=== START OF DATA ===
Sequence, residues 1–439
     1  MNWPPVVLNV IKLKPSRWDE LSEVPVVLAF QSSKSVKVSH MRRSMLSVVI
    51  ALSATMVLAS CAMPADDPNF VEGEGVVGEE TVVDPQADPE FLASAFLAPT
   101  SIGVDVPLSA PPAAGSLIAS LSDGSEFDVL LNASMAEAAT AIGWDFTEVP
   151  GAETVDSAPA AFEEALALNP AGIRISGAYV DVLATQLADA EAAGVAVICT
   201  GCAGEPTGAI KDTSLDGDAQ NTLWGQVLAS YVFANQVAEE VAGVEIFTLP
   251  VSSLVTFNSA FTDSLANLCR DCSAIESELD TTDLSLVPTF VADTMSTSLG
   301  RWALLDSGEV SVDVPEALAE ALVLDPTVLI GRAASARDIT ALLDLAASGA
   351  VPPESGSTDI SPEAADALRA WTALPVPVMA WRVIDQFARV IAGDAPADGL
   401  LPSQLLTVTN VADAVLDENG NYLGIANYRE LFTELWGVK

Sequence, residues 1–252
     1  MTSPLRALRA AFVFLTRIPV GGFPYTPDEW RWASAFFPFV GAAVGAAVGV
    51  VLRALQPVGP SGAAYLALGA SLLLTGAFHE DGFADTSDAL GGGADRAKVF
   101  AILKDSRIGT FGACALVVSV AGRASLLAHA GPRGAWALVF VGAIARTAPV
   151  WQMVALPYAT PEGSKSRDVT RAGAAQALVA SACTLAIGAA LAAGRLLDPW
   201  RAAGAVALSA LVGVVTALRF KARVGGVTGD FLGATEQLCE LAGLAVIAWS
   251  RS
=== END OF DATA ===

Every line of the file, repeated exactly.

Sequence, residues 1–439
     1  MNWPPVVLNV IKLKPSRWDE LSEVPVVLAF QSSKSVKVSH MRRSMLSVVI
    51  ALSATMVLAS CAMPADDPNF VEGEGVVGEE TVVDPQADPE FLASAFLAPT
   101  SIGVDVPLSA PPAAGSLIAS LSDGSEFDVL LNASMAEAAT AIGWDFTEVP
   151  GAETVDSAPA AFEEALALNP AGIRISGAYV DVLATQLADA EAAGVAVICT
   201  GCAGEPTGAI KDTSLDGDAQ NTLWGQVLAS YVFANQVAEE VAGVEIFTLP
   251  VSSLVTFNSA FTDSLANLCR DCSAIESELD TTDLSLVPTF VADTMSTSLG
   301  RWALLDSGEV SVDVPEALAE ALVLDPTVLI GRAASARDIT ALLDLAASGA
   351  VPPESGSTDI SPEAADALRA WTALPVPVMA WRVIDQFARV IAGDAPADGL
   401  LPSQLLTVTN VADAVLDENG NYLGIANYRE LFTELWGVK

Sequence, residues 1–252
     1  MTSPLRALRA AFVFLTRIPV GGFPYTPDEW RWASAFFPFV GAAVGAAVGV
    51  VLRALQPVGP SGAAYLALGA SLLLTGAFHE DGFADTSDAL GGGADRAKVF
   101  AILKDSRIGT FGACALVVSV AGRASLLAHA GPRGAWALVF VGAIARTAPV
   151  WQMVALPYAT PEGSKSRDVT RAGAAQALVA SACTLAIGAA LAAGRLLDPW
   201  RAAGAVALSA LVGVVTALRF KARVGGVTGD FLGATEQLCE LAGLAVIAWS
   251  RS